In this world, he is the only one who is looking to achieve his goal in an honest and true manner. No body else is doing it (laughs). The irony is that in this sort of a world he is not going to get it. Which is sort of the reflection in any case, of how our world is. People who are honest and diligent, they never get their due. Thupalli’s track is really about Hassan, the police-officer. He is cynical, he is about to retire. He sees this young, enthusiastic rookie and he is almost afraid for him in the beginning. He thinks that the disillusionment for the kid is round the corner, and he does not want that to happen. But when he dies, Hassan takes it upon himself that he did not take care of this young boy. He is guilt-ridden because of that. That’s when Thupalli comes back to him in a state of inebriation. Thupalli is both- a supernatural spectre, and an extension of Hassan’s guilt. Thupalli doesn’t come from privilege so his English is a little bit weak. So he wants to learn it quickly by reading poems. So it does stands that when Thupalli speaks to Hassan, he does so in verse.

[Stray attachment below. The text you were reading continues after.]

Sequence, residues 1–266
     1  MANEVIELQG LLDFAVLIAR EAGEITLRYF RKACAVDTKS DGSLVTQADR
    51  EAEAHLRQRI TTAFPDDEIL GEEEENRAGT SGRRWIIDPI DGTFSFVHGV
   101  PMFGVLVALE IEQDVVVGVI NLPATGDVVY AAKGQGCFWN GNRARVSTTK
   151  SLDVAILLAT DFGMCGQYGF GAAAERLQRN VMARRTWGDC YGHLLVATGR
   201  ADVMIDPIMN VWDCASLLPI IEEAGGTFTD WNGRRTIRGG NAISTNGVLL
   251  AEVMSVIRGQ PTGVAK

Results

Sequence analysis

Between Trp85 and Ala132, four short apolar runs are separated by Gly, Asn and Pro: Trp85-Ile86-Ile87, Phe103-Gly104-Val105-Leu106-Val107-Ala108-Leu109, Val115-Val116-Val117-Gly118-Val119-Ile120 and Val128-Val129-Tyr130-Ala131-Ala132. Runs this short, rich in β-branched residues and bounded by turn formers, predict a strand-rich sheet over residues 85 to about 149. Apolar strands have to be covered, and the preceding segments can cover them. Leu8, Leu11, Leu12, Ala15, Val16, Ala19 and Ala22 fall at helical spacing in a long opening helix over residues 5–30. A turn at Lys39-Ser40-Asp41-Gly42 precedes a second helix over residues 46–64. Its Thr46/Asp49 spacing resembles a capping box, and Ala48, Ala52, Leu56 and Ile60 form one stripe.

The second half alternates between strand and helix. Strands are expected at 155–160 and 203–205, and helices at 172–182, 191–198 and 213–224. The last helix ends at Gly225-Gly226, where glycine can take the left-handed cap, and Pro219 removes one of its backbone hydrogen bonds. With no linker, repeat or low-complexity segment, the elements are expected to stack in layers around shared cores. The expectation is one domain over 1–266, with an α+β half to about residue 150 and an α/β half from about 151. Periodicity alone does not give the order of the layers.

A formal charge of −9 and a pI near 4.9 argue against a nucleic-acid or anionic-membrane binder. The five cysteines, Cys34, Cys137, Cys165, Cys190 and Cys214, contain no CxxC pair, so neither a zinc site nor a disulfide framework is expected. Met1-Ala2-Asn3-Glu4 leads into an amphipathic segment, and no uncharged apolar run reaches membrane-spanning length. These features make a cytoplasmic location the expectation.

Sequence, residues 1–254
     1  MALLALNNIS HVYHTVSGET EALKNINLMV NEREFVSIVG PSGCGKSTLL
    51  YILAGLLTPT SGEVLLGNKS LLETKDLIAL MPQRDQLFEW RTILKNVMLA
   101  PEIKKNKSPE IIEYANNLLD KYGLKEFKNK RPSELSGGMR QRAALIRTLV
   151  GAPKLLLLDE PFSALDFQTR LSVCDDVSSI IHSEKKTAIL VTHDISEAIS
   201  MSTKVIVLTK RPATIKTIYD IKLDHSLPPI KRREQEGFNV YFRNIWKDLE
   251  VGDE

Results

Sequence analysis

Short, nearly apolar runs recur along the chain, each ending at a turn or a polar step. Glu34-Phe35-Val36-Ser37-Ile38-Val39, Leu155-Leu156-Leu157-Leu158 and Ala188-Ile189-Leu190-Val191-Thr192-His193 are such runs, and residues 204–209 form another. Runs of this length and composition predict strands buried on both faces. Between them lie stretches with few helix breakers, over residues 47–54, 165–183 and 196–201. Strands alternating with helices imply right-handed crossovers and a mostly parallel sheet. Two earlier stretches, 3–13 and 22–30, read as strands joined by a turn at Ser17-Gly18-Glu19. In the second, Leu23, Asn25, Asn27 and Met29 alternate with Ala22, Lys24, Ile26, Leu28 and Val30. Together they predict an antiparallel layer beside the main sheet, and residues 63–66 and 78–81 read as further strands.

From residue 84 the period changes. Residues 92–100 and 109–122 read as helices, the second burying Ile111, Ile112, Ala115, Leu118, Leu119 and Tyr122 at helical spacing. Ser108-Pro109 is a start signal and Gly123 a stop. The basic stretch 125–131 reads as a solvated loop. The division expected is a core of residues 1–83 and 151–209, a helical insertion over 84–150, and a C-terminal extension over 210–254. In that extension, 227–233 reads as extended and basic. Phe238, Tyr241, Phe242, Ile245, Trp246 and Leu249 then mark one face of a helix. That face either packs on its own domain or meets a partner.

What I wanted was to show all the deductions that Hassan was making, looks like it comes from the poetry clues that Thupalli is giving to him. But at the same time, things that are happening are also taking place in real time. For example, when he goes to the forest he gives that dog a smell of the book so that he knows where is lying. In episode 5, when Thupalli says go back to the beginning, Hassan remembers how Thupalli had told him about the Manisha Koirala woman before. What Thupalli is trying to tell him through all the poetry, including what happens in episode 7 is also a reflection of what is goimg on in the story. He almost fulfils the purpose of a Shakespearan chorus. In the late Elizabethan plays, there was this technique of having a chorus which sort of does a commentary on what is going on in the main plot. Thupalli becomes that voice, sort of the moral conscience of the story.
If I have to link a common thread in all of your work, I see that your characters somehow always want to strive for agency, in the drive for power. Killer Soup does it as well, within all the paradoxes. Talk to me about this thematic length that underlines your work.